A new family saga set in a Sicily tarred with lava, where Mount Etna is not just a backdrop but a living soul with fire and energy. This is a story that spans two centuries, from the dream of a humble cobbler to a shoemaking dynasty of which the author is a member.

    Mount Etna is both protective and frightening in its immensity, like a demanding mother who forges lives and destinies. Those who live in Belpasso, a small village on its slopes, know that only too well. It is where Puddo, a young cobbler, sets up shop. The signature on the shoes he makes is a butterfly, because with his footwear you can practically fly and not simply walk. That’s why Puddu can’t understand why business is so bad. Everything changes when his shoes reach the Baroness of Bridport, who’s visiting in the proximity of Bronte. The noblewoman has never worn anything so soft and elegant, so she decides to give Puddu a present and makes him baronet. This marks the beginning of the Baroneddu dynasty. As time goes by, the shop becomes a large shoe factory that exports all over Europe. But although money is no longer a problem, the heart becomes one, because Piddu’s descendants look on his dream – from which everything originated – with respect but also hositility. Your roots tell you where you come from, but sometimes they also want to dictate where you go, and not all the Baroneddus are ready to accept that.

    Lisa Laffi

    La regina senza corona

    Queen Without a Crown

    A novel about Margaret of Austria. A woman destined to conquer the hearts of kings and alter the destinies of entire nations.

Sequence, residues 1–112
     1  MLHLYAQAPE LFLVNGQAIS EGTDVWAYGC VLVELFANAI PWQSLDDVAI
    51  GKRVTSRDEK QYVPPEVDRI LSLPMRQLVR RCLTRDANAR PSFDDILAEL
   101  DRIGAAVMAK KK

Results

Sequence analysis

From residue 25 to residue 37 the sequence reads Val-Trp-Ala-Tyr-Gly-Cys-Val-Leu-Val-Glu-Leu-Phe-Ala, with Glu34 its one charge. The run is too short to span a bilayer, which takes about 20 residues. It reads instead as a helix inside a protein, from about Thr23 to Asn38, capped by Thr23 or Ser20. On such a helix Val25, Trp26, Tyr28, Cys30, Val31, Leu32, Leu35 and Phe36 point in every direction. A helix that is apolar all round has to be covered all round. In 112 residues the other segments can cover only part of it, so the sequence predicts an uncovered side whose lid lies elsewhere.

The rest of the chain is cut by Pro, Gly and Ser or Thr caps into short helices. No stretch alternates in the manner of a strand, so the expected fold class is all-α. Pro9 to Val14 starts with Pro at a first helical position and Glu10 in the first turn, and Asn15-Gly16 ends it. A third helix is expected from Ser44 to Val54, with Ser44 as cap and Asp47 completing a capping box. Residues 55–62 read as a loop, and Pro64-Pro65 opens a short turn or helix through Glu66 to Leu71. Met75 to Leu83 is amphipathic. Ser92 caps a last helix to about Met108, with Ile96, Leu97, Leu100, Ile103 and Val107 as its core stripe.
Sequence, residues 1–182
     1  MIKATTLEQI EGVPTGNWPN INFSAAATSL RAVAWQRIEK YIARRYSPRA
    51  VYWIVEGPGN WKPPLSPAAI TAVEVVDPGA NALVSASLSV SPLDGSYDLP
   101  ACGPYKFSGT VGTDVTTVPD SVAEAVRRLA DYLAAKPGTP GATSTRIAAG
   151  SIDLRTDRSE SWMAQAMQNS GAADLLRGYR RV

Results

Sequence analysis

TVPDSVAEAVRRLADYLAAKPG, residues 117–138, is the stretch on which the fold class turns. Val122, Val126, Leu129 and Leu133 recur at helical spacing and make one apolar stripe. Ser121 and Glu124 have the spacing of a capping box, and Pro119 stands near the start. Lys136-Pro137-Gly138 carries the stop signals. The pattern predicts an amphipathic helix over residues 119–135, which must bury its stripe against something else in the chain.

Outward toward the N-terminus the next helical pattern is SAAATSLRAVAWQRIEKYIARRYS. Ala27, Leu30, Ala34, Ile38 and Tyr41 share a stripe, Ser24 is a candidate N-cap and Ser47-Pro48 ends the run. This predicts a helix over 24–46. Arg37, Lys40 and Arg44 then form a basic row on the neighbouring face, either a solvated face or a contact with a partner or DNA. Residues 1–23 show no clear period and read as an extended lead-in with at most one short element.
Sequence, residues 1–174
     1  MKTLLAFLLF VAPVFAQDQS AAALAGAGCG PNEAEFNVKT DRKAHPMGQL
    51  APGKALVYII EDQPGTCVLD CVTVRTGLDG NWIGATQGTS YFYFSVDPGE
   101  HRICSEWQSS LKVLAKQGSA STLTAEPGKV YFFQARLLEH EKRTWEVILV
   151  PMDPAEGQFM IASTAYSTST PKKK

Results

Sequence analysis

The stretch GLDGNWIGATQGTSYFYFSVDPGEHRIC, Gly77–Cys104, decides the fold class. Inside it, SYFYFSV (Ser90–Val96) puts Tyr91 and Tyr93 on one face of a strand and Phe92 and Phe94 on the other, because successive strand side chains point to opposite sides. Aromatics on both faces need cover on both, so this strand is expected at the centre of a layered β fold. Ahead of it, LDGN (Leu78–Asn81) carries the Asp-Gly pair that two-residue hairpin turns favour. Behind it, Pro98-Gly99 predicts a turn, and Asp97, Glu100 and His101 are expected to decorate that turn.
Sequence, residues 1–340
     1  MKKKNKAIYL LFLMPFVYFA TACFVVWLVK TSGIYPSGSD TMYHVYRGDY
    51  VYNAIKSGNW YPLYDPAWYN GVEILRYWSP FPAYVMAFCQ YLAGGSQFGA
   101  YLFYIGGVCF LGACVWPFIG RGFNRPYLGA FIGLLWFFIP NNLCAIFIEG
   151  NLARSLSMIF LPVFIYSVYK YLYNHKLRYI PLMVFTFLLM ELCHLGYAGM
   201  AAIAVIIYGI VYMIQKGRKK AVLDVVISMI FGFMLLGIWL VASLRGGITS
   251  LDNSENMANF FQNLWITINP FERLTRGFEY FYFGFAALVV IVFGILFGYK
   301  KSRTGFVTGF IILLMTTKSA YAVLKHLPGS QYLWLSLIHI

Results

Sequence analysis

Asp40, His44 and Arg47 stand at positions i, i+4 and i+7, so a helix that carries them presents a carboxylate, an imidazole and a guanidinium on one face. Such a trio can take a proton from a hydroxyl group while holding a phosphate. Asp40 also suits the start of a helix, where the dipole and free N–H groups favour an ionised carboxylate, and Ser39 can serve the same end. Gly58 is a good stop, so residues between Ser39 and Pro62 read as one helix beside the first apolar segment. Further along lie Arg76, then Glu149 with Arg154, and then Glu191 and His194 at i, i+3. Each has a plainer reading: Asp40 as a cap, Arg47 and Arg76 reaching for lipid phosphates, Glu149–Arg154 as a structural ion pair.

1483 – Margaret is only three years old when her father, Maximilian I, Holy Roman Emperor, pledges her hand in marriage to Charles VIII, King of France, in order to put an end to the conflict between France and Flanders. Carefree, the duchess grows up in the spendid castle of Amboise until Charles stipulates a more advantagious marriage agreement, so Margaret is forced to return to Flanders, where she can finally devote herself body and soul to her great passion: art. However, the Holy Roman Emperor summons her back to her political duties and to a new marriage alliance that leads her to wear the Spanish crown. Far away from home once again, despite a brief period of happiness with her husband, the Prince of Asturias, Margaret is soon widowed. Returning home without a crown, Margaret gradually learns that a woman can be the author of her own fate and decides to become “queen” of the arts. Only the Emperor of the Holy Roman Empire cannot accept that she should relinquish her destiny as queen… Set amid love affairs, palace intrigues and a great passion for art, this book is the portrayal of a brave woman who defied the rules of her era and showed everyone the qualities truly necessary to being a queen.